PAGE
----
A celebration of life with Mass, gala


By Anne Marie Amacher
The Catholic Messenger

DAVENPORT — Looking out into the crowd dressed for the annual Black & White Gala’s “Celebration of Life” Mass, Bishop Thomas Zinkula joked: “All that black and white out there, I feel that we clergy are trend setters.” The crowd laughed.

Anne Marie Amacher
People pick up table assignments for the Black & White Gala in the Rogalski Center in Davenport Aug. 10. The event was a fundraiser for pro-life activities in the Quad-City area.

The Mass on Aug. 10 in Christ the King Chapel on St. Ambrose University’s campus kicked off an evening of events to raise money for pro-life causes. It was also the feast of St. Lawrence, one of seven deacons of the church in Rome who was martyred. “He had responsibility for managing church goods and overseeing distribution of alms to the poor,” Bishop Zinkula noted during his homily.

One of the legends about St. Lawrence concerns an order by the prefect of Rome to produce in three days all the wealth of the church. Lawrence gathered a great assembly of the poor, the sick, the blind, lepers, widows and orphans and proclaimed, “These are the treasure of the church.”


Bishop Zinkula said Pope Francis often talks about focusing attention on those on the peripheries; they are the treasure of the church. “Tonight we are focusing on the periphery of the unborn child. But we need to be multi-faceted in our pro-life stance,” the bishop said. The church is at her best when she is both/and, rather than either/or, he added, and outlined several points to illustrate:

1. We need to work for the legislative and judicial recognition of the sanctity of human life.
“But that, in and of itself, isn’t the whole answer,” the bishop said. “You can’t legislate, or ‘judiciate’ morality. We also need to work hard to change hearts. And ultrasounds help with that. You see the baby and hearts are changed. It’s both/and.”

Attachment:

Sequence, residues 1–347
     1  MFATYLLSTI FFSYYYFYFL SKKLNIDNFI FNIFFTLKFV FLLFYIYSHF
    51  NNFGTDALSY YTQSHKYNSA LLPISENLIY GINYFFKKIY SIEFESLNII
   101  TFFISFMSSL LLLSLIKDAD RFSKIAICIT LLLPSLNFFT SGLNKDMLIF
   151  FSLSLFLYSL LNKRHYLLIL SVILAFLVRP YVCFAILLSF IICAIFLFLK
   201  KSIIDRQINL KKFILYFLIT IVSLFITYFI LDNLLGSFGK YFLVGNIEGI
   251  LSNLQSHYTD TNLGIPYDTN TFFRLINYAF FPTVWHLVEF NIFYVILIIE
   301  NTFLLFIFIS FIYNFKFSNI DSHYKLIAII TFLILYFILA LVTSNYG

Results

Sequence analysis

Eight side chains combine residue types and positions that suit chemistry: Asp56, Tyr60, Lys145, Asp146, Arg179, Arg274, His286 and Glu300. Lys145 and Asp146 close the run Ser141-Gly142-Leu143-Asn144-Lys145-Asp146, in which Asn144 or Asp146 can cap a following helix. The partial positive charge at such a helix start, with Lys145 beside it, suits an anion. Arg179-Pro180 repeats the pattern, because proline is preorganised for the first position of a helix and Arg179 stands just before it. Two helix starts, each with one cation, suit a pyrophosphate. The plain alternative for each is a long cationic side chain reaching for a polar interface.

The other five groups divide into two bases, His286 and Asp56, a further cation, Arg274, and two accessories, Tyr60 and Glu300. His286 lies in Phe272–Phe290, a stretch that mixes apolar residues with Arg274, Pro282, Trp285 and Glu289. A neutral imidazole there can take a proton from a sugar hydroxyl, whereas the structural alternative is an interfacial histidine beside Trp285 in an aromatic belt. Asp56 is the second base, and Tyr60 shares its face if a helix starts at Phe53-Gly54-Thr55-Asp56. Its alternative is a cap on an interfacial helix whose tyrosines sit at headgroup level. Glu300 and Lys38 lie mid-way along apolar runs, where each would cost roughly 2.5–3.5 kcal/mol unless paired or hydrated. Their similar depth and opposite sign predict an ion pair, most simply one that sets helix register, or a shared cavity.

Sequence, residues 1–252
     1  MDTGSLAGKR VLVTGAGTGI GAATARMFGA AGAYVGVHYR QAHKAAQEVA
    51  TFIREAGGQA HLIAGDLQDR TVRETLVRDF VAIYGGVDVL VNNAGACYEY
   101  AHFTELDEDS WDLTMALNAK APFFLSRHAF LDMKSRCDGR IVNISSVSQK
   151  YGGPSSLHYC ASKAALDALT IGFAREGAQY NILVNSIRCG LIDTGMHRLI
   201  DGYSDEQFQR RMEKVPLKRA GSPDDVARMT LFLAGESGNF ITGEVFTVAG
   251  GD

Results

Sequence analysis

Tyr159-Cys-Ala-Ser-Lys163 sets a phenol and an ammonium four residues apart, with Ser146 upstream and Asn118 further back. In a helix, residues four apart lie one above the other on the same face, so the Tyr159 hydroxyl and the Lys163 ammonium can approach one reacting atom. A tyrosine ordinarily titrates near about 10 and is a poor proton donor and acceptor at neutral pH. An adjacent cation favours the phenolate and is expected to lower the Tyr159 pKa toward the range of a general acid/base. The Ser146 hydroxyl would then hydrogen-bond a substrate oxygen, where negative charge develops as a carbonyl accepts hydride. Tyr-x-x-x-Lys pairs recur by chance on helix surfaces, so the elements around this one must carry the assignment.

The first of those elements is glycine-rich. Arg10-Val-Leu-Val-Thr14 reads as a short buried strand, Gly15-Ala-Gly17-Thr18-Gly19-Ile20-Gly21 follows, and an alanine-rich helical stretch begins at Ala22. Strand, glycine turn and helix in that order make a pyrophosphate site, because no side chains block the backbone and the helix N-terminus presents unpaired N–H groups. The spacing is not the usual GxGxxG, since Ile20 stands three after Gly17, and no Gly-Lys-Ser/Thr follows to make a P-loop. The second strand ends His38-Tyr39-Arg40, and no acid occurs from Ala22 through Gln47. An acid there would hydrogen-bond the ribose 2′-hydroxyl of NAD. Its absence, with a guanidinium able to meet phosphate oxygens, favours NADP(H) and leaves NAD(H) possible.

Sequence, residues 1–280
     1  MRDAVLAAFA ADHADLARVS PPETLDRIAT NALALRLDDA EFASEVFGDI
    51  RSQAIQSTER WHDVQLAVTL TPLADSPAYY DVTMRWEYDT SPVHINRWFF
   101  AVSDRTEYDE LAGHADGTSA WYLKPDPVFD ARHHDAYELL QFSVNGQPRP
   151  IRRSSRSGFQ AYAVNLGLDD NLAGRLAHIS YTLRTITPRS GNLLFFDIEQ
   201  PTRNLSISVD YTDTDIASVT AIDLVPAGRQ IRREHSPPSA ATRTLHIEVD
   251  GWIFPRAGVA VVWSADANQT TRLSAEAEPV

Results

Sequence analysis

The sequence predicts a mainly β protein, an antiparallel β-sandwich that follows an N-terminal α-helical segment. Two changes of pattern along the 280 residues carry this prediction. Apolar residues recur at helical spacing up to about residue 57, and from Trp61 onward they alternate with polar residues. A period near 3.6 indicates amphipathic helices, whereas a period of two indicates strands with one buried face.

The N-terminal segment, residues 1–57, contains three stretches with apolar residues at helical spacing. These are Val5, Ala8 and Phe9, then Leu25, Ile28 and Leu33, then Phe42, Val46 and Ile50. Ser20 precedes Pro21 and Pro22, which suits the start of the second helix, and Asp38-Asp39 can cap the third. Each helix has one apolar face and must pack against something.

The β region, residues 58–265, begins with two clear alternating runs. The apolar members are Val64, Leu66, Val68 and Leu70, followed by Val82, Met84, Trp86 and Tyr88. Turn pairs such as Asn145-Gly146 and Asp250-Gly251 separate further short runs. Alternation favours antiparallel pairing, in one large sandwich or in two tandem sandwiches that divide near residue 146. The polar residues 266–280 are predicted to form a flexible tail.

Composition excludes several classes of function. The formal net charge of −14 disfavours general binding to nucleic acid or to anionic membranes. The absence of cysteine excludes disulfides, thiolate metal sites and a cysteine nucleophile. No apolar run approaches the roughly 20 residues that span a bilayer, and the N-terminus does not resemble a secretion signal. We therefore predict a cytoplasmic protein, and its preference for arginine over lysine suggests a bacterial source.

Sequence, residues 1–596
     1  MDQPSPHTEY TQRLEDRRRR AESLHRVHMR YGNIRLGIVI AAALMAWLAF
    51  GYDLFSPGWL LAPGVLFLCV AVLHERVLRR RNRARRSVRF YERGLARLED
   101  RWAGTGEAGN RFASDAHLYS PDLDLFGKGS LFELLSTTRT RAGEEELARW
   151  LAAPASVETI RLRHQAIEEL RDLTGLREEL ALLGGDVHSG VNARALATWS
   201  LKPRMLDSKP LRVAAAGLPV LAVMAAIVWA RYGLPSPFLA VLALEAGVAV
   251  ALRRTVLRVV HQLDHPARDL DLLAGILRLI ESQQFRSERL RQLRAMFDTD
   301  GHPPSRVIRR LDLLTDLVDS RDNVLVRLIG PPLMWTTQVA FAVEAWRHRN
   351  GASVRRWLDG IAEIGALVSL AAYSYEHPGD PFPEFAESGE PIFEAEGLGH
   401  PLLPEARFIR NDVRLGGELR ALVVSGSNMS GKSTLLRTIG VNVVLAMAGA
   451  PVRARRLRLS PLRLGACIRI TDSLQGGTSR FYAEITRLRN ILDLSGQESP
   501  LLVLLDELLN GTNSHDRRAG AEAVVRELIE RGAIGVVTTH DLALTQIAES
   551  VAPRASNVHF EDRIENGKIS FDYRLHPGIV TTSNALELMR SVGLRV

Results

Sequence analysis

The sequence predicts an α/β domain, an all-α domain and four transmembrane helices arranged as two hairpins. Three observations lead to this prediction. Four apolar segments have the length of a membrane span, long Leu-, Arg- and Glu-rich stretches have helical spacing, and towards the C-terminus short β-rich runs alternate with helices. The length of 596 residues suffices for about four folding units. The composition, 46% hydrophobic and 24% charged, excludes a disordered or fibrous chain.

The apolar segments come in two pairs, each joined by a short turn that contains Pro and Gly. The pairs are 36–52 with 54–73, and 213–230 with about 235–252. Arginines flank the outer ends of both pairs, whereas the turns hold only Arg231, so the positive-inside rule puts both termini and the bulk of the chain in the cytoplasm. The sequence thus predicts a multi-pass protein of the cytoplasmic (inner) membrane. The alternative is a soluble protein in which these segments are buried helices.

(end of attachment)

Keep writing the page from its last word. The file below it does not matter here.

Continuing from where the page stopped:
2. We need to emphasize the importance of a consistent ethic of life. Pope Francis just ordered a catechism revision on the death penalty. State-sanctioned killing is always an unjustifiable attack on the dignity of human life. Abortion is always wrong. And so is capital punishment, assisted suicide, euthanasia, unjust war, genocide, human trafficking and pornography. It’s both/and.

3) We need to be both pro-life and concerned about social justice. “St. John Paul II’s encyclical, ‘The Gospel of Life,’ is about both of these.” Decisions that go against life arise from difficult or even tragic situations of profound suffering, loneliness, a total lack of economic prospects, depression and anxiety about the future. The pope later poses the question, “Should we not question the very economic models often adopted by states which cause and aggravate situations of injustice and violence in which the life of whole peoples is degraded and trampled upon?”
Often the fundamental issue isn’t pregnancy, the bishop said, but poverty. The “Gospel of Life” says we don’t need to choose between defending life and working to create the material conditions that can support that life. Again, it is both/and.

He ended his homily with a prayer: “May we, like St. Lawrence, continue to cheerfully and determinedly go to the periphery in order to defend, reach out to and serve the treasure of the church.”

After Mass a bagpiper led the Knights of Columbus, followed by the congregation, to the Rogalski Center for the gala. Area pro-life organizations offered information about their services with staff and volunteers available to answer questions. Silent auction items were also on display. Prior to the dinner, Bishop Zinkula welcomed everyone.

“We are a pro-life diocese,” he proudly stated. He went on to say people keep asking him about RAGBRAI (the Register’s Annual Great Bicycle Ride Across Iowa). “For days, week, months and years I will probably hear ‘how was RAGBRAI?’ It was great. The weather was ideal. Everyone was helpful. I had a bed to sleep in every night and a shower and restrooms. I had a wonderful team and Mass was great. It added a spiritual dimension.”

A new dimension of the gala was a fundraiser for scholarships for young people to attend the March for Life in Washington, D.C. Part of the proceeds from the gala will go toward that mission. A special collection was taken up during the gala for additional support. Look for more information in future issues of The Catholic Messenger.

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